Diversity center lecture offers lunch and learning

Hope Brusstar, Copy Editor

Hang on for a minute...we're trying to find some more stories you might like.


Email This Story






On Thursday, Oct. 26 from 12:30-1:30 p.m., the Diversity Engagement Center (DEC) invited students for a free alternative to their normal daily lunch. DEC staff Matt Farley and Peggy Gaffney opened their doors to anyone curious about various foods of the world. Special guest Ann Kos Edwards, a retired instructor from the department of anthropology, attended to speak on the subject. She gave an engaging lecture, asking students about their experiences and giving them personal advice on nutrition.

About eight students were in attendance to see the lecture and enjoy the egg rolls, chocolate éclairs, potstickers, pizza and sweet tea that was available, courtesy of the DEC.

Before Edwards began, she wanted everyone to collect their food and eat, relax and enjoy.

“In this culture, we never have enough time. We gobble up our food. We’ve lost the meal, sitting down with the family, in American culture,” said Edwards.

Upon introducing herself, students learned that Edwards came to the United States from the region of Yugoslavia that is now Croatia, and moved to Louisiana from New York to eventually teach anthropology at UNO.

The anthropology lecture she gave on Oct. 26 is one of many that she has given during her retirement. It was advertised as “Foods of the World” and part of the DEC “Let’s Talk” series, and Edwards named it “Evolution of Food Around the World: Anthropological Perspective.” Equipped with a slideshow presentation, Edwards gave a variety of information about cultures and their eating habits all over the world.

Beginning with hunter-gatherer cultures, she explained, “People lived in small communities because [the] environment could not support [bigger populations].” On some occasions, peoples in this category would hunt down an animal and share its body for food. But in the meantime, a community had to scrounge from its environment to survive.

Edwards gave the !Kung Bushmen of the Kalahari Desert as an example. A modern hunter-gatherer culture in Botswana, “80 percent of their total diet is collected by women and children,” she said. For them, food sharing is key to survival. A family with a surplus might share their food so that one day, when they do not have enough, other families might be willing to share with them.

 

The Eskimo people are another example of a modern culture that survives by hunting for food. Edwards described the kind of harsh conditions an Eskimo might have to experience when on the hunt for a seal. “A hunter stands motionless next to the breathing hole [in the ice, where seals surface to breathe,] for hours in the dark and bitter cold,” she said. They also employ the aid of dogs to travel great distances across the ice and snow. “[The] dog was first domesticated 12,000 years ago,” Edwards added.

Modern examples of primitive living also include South America, home to the Yanomami people, a group indigenous to Amazonia, the area of Amazon rainforest included in Venezuela and Brazil. Though established long before their discovery by Western culture in the 1600s, and a discovery of gold resources has motivated Brazilians to invade and pollute their lands, the Yanomami are still around today. According to Edwards, they use shifting gardens to cultivate much of their food.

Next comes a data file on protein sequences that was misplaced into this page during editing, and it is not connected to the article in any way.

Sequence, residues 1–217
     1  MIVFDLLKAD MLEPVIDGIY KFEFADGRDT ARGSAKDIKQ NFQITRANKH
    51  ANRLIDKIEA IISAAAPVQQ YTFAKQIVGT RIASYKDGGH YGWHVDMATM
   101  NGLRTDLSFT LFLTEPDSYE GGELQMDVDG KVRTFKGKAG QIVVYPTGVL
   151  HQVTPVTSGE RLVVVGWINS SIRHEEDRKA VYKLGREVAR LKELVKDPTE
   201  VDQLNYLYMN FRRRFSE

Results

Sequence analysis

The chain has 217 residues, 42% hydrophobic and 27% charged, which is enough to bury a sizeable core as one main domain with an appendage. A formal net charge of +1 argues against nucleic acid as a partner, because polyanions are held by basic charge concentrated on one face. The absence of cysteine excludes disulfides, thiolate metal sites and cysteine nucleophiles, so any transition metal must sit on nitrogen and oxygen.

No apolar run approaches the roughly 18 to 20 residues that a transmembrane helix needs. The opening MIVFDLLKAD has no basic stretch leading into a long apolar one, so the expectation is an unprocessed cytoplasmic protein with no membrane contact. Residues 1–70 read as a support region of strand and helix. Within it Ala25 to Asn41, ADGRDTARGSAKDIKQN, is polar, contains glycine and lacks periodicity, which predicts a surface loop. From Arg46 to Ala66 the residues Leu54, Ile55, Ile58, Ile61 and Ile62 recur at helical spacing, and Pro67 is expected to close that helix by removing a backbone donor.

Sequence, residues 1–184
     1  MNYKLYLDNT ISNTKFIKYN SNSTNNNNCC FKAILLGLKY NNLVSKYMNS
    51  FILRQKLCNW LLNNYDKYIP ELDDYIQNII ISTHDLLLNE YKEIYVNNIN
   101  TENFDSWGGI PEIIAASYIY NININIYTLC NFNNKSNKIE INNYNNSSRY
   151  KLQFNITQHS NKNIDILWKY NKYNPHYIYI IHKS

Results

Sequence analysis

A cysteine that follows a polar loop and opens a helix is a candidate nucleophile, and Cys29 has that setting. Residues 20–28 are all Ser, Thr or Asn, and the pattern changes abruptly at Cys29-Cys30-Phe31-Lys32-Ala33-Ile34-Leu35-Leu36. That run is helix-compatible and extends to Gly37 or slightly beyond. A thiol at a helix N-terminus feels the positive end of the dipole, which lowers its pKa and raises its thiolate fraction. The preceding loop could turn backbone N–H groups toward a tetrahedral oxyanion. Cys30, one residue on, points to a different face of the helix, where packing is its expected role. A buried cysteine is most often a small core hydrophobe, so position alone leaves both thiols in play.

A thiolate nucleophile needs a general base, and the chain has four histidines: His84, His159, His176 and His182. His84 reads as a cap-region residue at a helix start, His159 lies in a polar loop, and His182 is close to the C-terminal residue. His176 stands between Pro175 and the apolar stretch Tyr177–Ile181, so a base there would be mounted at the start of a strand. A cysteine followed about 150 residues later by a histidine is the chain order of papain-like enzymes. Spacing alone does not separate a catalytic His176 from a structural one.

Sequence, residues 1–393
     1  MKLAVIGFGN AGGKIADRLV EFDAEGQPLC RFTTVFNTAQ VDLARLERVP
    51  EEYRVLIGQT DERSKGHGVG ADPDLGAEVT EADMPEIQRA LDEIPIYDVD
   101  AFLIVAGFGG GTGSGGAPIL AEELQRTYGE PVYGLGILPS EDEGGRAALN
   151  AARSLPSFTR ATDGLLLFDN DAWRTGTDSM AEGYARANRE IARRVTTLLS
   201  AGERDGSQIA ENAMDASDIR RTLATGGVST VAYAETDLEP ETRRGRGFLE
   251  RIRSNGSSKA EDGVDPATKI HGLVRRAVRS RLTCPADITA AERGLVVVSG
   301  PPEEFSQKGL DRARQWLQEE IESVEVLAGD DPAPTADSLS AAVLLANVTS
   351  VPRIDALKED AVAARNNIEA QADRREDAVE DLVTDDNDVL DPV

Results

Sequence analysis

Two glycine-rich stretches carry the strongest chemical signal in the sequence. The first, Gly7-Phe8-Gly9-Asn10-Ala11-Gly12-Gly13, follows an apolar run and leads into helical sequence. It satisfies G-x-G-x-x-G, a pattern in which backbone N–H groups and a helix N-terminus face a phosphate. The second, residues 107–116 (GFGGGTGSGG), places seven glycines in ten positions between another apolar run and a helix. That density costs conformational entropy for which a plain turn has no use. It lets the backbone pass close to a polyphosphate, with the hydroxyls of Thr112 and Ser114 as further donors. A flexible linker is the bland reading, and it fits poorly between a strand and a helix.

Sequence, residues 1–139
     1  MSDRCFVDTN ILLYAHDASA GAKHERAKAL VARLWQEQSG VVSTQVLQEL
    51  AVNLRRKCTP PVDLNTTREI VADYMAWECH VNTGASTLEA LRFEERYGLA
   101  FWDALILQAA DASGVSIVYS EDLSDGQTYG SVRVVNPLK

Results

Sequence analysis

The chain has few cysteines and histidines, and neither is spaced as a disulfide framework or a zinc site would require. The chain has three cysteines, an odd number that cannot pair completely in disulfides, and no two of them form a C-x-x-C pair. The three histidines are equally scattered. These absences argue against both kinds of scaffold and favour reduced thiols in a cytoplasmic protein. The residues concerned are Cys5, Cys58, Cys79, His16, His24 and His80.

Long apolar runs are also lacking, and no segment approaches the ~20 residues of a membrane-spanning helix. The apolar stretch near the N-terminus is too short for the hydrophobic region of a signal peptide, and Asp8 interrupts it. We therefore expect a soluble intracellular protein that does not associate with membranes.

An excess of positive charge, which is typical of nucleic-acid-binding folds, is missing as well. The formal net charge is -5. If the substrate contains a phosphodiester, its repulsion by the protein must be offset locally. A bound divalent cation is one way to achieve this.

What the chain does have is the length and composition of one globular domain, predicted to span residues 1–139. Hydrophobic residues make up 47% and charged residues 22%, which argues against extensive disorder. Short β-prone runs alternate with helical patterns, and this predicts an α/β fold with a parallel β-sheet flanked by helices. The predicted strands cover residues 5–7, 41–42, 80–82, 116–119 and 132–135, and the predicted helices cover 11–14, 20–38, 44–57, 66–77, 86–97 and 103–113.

She also briefly mentioned the Nuer tribe of the Nile Valley, a group of pastoralists who depend entirely on their cows for survival. Pastoralism is known to be a transition from hunting and gathering to horticulture and agriculture. Horticulture involves using the slash-and-burn method to clear patches of forests and jungles. After a few years, the land becomes less fertile and a civilization must move on the develop more land to continue farming.

“Around 8,000 B.C.E., agriculture emerged,” Edwards added. This involved heavy plows pulled by animals and the boiling, baking, soaking, and preserving of different foods. However, dense, massive civilization didn’t fully emerge until the rise of more intensive agriculture, which involved large-scale irrigation.

Then Edwards discussed traditional foods in certain regions, and brought the topic around to local influences on American and New Orleans culture. “Americans are very fortunate,” she said. “We have a variety of foods from different cultures.” She also detailed how New Orleans got its unique cuisine from a multiplicity of cultures. “The best New Orleans food, for me, is red beans and rice. It is served on Mondays because Monday was for washing clothes. Beans and rice could be put on the stove and left for a while as the washing was done.”

Even after the lecture, new students continued to filter in for food and drinks. The DEC is still relatively new, so some people have trouble finding it or don’t know about its existence at all. Said UNO student John Lewis, “I’ve never been in the Diversity Engagement Center before,” as he took a bite from a piece of pizza.

This event was one of many that the DEC has planned for its Diversity Celebration, which began on Oct. 19 and ends Nov. 3. Said Farley, DEC coordinating employee, “We try to host different activities with different student organizations.”

For example, upcoming events include Innovate UNO and “Not Your Typical Transfer” on Nov. 1; “Dia de los Muertos,” “Highlighting Economic Inequality,” and “UNO’s Got Talent!” on Nov. 2; and Chi Alpha Christian Fellowship’s Open Mic Night and the Model United Nations Club’s Country Reveal Party on Nov. 3.  

Students who are interested are encouraged to check the event calendar available online at calendar.uno.edu.

 

Print Friendly, PDF & Email